The Austin Chronicle

SXSW Showcases


March 20, 2009, Music

The Agency Group

8pm, Back Alley Social With a combined roster of more than 1,000 artists, the Agency Group has established itself as one of the industry's most expansive international booking agencies. The London-headquartered operation packs a blend of vibrant underground hip-hop scenes ciphering out of Minnesota and the West Coast. Thrash-hoppers Doomtree, still high from last year's self-titled debut, mosh first, before the scene gets markedly vibed out. Smooth Mick Boogie/Black Milk affiliates U-N-I and Seattle duo Common Market play ambassadors to groove, hooking into soul-sampling styles from L.A.'s Blu and Seattle's Blue Scholars. NorCal alternative lyricism is carried out by Living Legends Grouch & Eligh and headliners Zion-I, whose February release, The Take Over, is the sixth LP from DJ Amplive and MC Zumbi. Rhymesayers devotees get their licks with Brother Ali but only after NYC wild card Charles Hamilton continues his pursuit of The Perfect Life, due out this year. – Chase Hoffberger

Australian Cattle God

8pm, Room 710 This Austin label, founded in 2005, has become a stable for the weird and heavy in Texas, as evidenced by this all-local showcase. Good Times Crisis Band will likely bow new examples of its Minutemen-via-Jawbox rock, as the follow-up to its tight 2007 Cattle God debut is in the works. The thunderous Karpisms of Megazilla are documented in high style on first LP Please, Please, Sorry, Thank You, while yelpy, butch post-punkers Red X Red M are close to their debut as well. Mount a quest for the Bungle-esque with Lick Lick, as comic frontman Matt Kelly (Middlefinger, Les Saucy Pants, Sprawl) leads his crack prog-punk team down the rabbit hole. Likewise, Black Cock's brand new CD, Robot Child With a God Complex, has a touch of Mike Patton's vocal experiments layered with grimy keyboards and the ominous syncopation of the Jesus Lizard. The electro-party anthems of the venerable Pong close out the evening. – Daniel Mee


8pm, the Hideout Since forming in 2007, Autobus has become a hub for Austin's indie scene. Canopy kicks off the evening with pop pawing at the orchestration of Grizzly Bear on last year's Canopy//Anopy debut EP. Avant-garde trio the Weird Weeds cultivates minimal rock landscapes that blossomed beyond experimental shoots on excellent third LP I Miss This. Already indie-pop-certified as a member of Voxtrot and Belaire, Jason Chronis convenes a party onstage as J.C. & Co., supported by a revolving cast of Austin's elite young talent. Mark David Ashworth plies folksier terrain on ambient and Latin-tinged tunes delivered in a delicate tenor, but the night's highlights belong to Sunset and Brazos. The former harnesses the psych-pop eccentricities of former Sound Team member Bill Baird, while Brazos previews its much anticipated debut LP, which swims in Martin Crane's soulful vocals. – Doug Freeman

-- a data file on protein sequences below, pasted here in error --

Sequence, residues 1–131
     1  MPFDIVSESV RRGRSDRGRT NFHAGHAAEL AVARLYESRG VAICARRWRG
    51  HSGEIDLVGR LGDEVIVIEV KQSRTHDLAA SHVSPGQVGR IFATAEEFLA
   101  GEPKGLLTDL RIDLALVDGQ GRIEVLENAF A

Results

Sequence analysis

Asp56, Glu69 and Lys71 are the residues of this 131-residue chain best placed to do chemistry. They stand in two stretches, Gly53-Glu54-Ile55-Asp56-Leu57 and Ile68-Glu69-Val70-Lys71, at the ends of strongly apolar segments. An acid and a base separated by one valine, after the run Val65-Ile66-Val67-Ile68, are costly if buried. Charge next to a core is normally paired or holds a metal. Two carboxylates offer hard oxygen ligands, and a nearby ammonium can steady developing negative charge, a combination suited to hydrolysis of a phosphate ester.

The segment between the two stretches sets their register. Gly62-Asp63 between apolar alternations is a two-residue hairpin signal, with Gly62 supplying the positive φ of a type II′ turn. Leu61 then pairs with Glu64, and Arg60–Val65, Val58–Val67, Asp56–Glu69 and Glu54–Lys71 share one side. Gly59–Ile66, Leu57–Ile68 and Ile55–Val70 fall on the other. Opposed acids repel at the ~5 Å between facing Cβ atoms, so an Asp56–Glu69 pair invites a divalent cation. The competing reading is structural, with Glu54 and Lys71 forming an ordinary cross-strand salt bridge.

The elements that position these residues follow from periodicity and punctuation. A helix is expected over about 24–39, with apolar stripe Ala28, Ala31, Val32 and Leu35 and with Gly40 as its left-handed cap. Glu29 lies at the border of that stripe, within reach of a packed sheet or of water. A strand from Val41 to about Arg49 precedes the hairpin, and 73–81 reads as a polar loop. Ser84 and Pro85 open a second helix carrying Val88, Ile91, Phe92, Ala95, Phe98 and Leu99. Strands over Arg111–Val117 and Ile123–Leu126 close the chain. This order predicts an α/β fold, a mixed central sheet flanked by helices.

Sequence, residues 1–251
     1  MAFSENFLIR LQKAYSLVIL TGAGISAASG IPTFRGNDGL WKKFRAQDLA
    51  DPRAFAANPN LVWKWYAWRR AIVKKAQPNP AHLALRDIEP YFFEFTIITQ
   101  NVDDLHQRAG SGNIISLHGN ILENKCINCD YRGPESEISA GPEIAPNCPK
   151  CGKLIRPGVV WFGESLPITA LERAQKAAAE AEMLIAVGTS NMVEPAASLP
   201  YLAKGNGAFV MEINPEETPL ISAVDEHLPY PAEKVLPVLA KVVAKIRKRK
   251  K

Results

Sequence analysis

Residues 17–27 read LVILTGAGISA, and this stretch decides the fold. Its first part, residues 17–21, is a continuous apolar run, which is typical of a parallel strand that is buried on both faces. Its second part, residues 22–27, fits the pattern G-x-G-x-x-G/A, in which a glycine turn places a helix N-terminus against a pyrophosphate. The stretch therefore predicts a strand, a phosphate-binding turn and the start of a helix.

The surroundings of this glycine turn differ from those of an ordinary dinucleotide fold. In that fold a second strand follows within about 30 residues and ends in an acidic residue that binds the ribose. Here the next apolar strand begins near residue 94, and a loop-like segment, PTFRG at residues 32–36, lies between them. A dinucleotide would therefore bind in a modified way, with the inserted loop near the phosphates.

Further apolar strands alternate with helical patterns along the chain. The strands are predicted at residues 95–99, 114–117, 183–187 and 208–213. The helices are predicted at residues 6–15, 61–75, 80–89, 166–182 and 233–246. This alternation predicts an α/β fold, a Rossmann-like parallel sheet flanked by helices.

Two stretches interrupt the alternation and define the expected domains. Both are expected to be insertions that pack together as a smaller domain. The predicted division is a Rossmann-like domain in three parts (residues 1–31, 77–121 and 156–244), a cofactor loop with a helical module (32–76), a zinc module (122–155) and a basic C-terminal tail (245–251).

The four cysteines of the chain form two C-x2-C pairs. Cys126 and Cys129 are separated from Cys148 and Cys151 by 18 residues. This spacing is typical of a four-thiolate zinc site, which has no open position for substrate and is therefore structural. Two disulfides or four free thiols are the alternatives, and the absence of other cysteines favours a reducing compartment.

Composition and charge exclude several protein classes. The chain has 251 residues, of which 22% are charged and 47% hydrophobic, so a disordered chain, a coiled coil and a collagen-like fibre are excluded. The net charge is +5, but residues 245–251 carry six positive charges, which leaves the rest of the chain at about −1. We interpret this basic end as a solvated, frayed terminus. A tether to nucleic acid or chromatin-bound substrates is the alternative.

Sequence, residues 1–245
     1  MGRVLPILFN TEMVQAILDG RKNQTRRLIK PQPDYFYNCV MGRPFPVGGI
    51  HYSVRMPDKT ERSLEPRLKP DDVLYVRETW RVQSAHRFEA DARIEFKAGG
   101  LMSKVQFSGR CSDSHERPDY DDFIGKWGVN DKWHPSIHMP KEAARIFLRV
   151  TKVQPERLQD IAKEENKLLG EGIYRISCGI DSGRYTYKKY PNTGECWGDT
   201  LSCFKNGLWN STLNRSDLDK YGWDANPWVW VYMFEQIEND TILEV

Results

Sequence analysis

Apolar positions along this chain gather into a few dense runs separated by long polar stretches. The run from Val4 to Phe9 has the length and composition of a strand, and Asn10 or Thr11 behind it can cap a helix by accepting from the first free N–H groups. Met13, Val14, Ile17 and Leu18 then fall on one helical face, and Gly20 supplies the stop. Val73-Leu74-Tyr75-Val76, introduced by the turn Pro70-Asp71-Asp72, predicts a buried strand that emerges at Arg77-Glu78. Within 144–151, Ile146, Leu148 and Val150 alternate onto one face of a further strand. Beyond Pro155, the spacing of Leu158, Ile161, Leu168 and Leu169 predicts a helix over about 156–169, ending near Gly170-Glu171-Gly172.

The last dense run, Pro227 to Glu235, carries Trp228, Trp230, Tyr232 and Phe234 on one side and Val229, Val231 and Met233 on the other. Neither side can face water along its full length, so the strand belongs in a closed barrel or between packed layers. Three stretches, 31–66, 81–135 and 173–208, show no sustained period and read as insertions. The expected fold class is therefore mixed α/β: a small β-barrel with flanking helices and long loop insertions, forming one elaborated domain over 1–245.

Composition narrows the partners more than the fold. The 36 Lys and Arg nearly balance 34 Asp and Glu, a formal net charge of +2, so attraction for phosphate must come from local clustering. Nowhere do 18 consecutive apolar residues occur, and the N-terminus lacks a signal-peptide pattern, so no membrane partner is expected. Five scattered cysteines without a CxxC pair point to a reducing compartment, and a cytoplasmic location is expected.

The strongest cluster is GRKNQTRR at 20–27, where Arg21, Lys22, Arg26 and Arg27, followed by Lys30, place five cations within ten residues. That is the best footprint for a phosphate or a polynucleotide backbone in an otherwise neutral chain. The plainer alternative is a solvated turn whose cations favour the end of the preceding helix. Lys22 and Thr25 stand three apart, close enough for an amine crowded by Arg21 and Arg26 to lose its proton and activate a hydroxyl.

Suicide Squeeze

8pm, Red Eyed Fly Suicide Squeeze's bread and butter is soulful Northwestern rock from the likes of Minus the Bear and Six Parts Seven, but this year the label is highlighting new blood. Atlanta punks the Coathangers have the stark amateurism and unforced originality that mark a talented band in the middle of figuring out what the hell it's doing; the girlish, menacing Scramble drops in April. Another promising debut: Paranoid Cocoon from Cotton Jones, which mines a similar folk-pop vein to that tapped by frontman Michael Nau's old band, Page France. Human Highway, featuring Nick Thorburn of Islands, spikes the neo-folk punch with a shot of R&B energy, which you'll need in order to deal with Past Lives, the threatening new project from four-fifths of the original lineup of the Blood Brothers. (Drummer Mark Gajadhar also DJs for showcase hip-hoppers Champagne Champagne.) Jade Tree expats and Drive Like Jehu enthusiasts These Arms Are Snakes headline in support of last year's Tail Swallower and Dove. – Daniel Mee

Nancy Fly Agency

8pm, Antone's One of Austin's longest-running booking agencies, Nancy Fly specializes in all forms of Texas roots music. Fiddler Warren Hood, Champ's son, kicks things off with a splendid mix of country, swing, and bluegrass. In a town full of 'em, Redd Volkaert is arguably Austin's best guitarist, a rare combination of imagination, grit, and elegance. Bruce Robison is one of his generation's foremost song men, with the Dixie Chicks, Garth Brooks, Tim McGraw, and Robison's wife, Kelly Willis, among the long list of country artists who have recorded his songs. A local top draw, Del Castillo has perfected a guitar-driven blend of rock, blues, and Latin sounds. Triple threat singer/songwriter/blues-guitar goddess Carolyn Wonderland proved on her 2008 release, Miss Understood, that Janis Joplin slept here. Rootsy quintet Nelo headlines. – Jim Caligiuri

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